Youth Forward scholarship summer 2016 – The Benefits of Benevolence

Name: Matthew Yohannes
From: Centennial , CO
Grade: 11th
School: Arapahoe High School
Votes: 0

Forward Scholarship: The Benefits of Benevolence

In the summer of 2014, I traveled to Ethiopia, my parents home country,
to meet with my extended family members and attend a large festival
held in the City of Mekelle, the capital of the Tigray Regional State
in northern Ethiopia. While I was there, I greatly enjoyed being
around the people, food, and different cultural experiences. However,
my enjoyment was stifled by the large levels of poverty I witnessed.
I had seen pictures and images of the poor and destitute on the news.
However, when I saw them in front of me, the experience was
different. Even when compared to the homeless people I had seen in
the U.S., the level and prevalence of poverty astounded me. I had
felt an urge to help these people, and although I could not
practically help the poverty-stricken and vulnerable people I had
noticed, I felt the need to do something about the state of the poor,
destitute, and underprivileged in my home state of Colorado.  


Being able to help the helpless has been a big step forward in achieving my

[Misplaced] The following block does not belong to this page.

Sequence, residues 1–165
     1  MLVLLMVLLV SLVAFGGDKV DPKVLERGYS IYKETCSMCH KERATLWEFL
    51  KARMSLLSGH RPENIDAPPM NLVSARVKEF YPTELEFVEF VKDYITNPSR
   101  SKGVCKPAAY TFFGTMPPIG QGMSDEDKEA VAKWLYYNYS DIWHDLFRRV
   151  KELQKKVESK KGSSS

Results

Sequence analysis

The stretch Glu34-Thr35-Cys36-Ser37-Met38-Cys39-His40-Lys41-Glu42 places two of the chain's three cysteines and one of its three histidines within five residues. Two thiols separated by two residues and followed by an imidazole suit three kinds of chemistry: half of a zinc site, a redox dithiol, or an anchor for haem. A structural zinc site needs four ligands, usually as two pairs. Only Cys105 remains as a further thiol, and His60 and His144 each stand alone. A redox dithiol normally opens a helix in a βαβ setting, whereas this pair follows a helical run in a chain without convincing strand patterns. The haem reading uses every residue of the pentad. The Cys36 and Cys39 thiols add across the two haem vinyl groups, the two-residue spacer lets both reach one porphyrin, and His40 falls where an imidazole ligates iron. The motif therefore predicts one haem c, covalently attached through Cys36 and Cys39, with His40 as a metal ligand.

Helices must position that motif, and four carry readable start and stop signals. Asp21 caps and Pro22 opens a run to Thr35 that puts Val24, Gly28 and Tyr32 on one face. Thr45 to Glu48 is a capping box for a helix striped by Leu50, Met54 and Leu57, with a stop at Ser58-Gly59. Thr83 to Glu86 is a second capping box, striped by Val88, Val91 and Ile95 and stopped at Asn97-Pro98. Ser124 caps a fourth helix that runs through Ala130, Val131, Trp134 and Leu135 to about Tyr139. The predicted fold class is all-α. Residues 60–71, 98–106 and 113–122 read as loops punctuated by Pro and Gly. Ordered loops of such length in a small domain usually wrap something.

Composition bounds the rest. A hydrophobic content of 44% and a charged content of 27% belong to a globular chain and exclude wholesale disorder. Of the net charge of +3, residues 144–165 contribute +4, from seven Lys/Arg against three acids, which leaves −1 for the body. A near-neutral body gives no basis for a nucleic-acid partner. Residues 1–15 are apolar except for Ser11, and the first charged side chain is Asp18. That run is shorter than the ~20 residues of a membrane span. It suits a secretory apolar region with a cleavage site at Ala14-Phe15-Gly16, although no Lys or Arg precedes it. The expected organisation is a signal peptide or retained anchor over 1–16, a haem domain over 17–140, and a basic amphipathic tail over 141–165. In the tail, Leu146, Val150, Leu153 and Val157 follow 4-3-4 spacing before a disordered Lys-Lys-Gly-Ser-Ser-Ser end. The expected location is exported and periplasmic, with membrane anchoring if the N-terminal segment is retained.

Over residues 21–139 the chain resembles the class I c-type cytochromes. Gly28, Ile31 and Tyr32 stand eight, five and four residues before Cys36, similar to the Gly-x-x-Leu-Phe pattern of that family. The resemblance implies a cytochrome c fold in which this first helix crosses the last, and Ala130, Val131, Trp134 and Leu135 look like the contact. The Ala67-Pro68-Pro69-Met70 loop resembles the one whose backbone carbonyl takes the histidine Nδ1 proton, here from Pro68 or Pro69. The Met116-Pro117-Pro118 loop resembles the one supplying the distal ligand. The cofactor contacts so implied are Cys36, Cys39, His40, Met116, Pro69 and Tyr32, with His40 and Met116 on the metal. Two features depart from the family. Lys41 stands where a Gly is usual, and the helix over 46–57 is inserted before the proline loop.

goals. I feel that by volunteering I have an outlet for my passion,
and it’s places like my school’s key club, the University of
Colorado Anschutz Hospital (UCH), my local library, and even my
church that continue to fuel it. I have spent more than 50 hours
volunteering at these sites. I primarily spend my time at the UCH
largely because I have aspirations to become a physician’s assistant;
even though

my duties are typically mundane and arduous, I believe it’s worth
the effort because it
set me on a career path that helps me find gainful employment in
healthcare. I also derive pleasure from the small things that I do
and enjoy seeing the smiles that come across the faces of nurses’
and patients’.


           Volunteering isn’t only a great way to give back to the community, but it can be
a great way to learn about others and the world around you. In
particular, I think volunteering gets me out of my personal “bubble:”
suburbs and good public schools; and it gives me a window into the
lives of the underprivileged and an unobstructed view of the
prevalence of poverty in the Denver Metropolitan area. As a part of
the key club, I got the opportunity to participate in the “sweet
dreams in a bag” charity and got to pack bedding and comforters for
kids that lacked the proper materials. This gave me a good grasp of
the kind poverty people were dealing with.


Oftentimes, being an active volunteer has unique sets of challenges. Personally,
it’s been managing my commitments along with volunteering. I
usually have lot’s of homework that I need to do, and numerous
extracurriculars that already take up a lot of time. Although it
takes an extraneous amount of effort, I have always believed that
going the extra-mile to be a volunteer provides me with a sense of
satisfaction that can’t be found anywhere else.

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